•     Pakkies I & II and Franklin (Redistribution Projects)
    •     Makhoba Resettlement (Restitution Project).
    •     Kokstad Town with a concentration of formal and informal
          housing (characterised by lack of proper social and
          infrastructural services).
    •     A number of housing development initiatives on the pipeline,
          including densification of existing settlements
    Agriculture

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    •      Dominance of livestock farming including, sheep, beef cattle
           and dairy farming.
    •      Livestock products include milk, cheese and yoghurt, though the
           latter two at a small scale. 2 Abattoirs within GKM as
           agro-industries.
    •      Dominant crop farming – maize, potatoes and cabbages as
           cash crop for selling not for exporting.
    •      Community gardens located in rural areas assisted by a
           technician from Agricultural Research Station – Hilton (PMB).
           One Agricultural Research Station within Kokstad.

    Municipal Local Economy

     The municipal economy is dominated by the following sectors:
    •     Industry
    •     Trade
    •     Agriculture and
    •     Government




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7 Strategies and Projects Phases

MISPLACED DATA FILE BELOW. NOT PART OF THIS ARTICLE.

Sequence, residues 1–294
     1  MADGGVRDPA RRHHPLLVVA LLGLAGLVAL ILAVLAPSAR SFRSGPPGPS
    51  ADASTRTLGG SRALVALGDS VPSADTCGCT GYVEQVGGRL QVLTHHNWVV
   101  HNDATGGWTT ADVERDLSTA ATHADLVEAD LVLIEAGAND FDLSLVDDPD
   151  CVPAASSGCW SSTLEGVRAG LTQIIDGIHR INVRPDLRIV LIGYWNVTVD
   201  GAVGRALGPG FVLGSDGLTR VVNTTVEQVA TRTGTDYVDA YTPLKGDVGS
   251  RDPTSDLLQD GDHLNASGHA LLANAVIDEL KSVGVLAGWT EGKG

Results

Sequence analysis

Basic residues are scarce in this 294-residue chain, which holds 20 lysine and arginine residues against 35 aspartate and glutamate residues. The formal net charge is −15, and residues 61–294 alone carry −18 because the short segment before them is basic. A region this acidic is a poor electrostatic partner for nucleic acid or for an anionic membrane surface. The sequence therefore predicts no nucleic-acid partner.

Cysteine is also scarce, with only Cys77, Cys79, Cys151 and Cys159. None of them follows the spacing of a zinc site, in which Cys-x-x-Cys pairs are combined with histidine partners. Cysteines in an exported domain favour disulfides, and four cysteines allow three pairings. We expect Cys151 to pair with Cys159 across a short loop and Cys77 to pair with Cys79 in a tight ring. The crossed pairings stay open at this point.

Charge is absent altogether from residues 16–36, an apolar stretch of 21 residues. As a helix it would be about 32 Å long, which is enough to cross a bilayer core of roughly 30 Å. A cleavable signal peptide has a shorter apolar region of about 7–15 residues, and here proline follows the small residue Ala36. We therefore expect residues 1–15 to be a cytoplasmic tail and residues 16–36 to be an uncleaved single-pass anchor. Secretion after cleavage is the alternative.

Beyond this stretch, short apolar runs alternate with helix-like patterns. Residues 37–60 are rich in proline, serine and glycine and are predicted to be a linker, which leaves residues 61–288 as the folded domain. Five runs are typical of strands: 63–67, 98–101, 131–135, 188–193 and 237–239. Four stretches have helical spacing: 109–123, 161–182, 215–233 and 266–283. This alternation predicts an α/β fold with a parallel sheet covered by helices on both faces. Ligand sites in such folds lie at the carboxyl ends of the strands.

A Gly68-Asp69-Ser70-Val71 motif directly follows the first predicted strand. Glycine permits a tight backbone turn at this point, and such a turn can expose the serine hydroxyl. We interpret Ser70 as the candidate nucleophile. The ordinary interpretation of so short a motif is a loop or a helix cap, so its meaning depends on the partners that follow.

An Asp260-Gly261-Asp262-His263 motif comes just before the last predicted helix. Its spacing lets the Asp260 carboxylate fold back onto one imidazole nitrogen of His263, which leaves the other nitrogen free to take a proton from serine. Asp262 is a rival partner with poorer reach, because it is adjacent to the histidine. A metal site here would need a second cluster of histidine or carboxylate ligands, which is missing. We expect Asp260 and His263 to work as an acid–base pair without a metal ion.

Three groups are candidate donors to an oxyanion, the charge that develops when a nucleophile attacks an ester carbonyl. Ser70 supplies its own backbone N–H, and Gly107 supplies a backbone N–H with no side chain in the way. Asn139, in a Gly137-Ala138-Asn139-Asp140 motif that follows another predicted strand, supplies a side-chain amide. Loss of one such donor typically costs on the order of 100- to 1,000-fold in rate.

This phase provides strategic interventions, which respond to the
     problems identified during the Analysis Phase. This phase includes
     the formulation of development objectives and strategies that best
     respond to the identified problems while at the same time working
     towards the achievement of the development vision.

     These phases also provide the specific projects that were identified
     during the Projects Phase after due consultation with various
     stakeholders. These projects are in line with the identified
     development objectives and strategies mentioned above.

     The development strategies and projects covered the following
     sectors:

     (a) Land reform
     (b) Environmental management.
     (c) Water
     (d) Sanitation
     (e) Roads and storm water
     (f) Electricity
     (g) Telecommunications
     (h) Waste management
     (i) Cemeteries
     (j) Agriculture
     (k) Tourism
     (l) Economic Development & Poverty Alleviation
     (m)         Health
     (n) Education
     (o) Social facilities
     (p) Housing
     (q) Safety and security
     (r) Institutional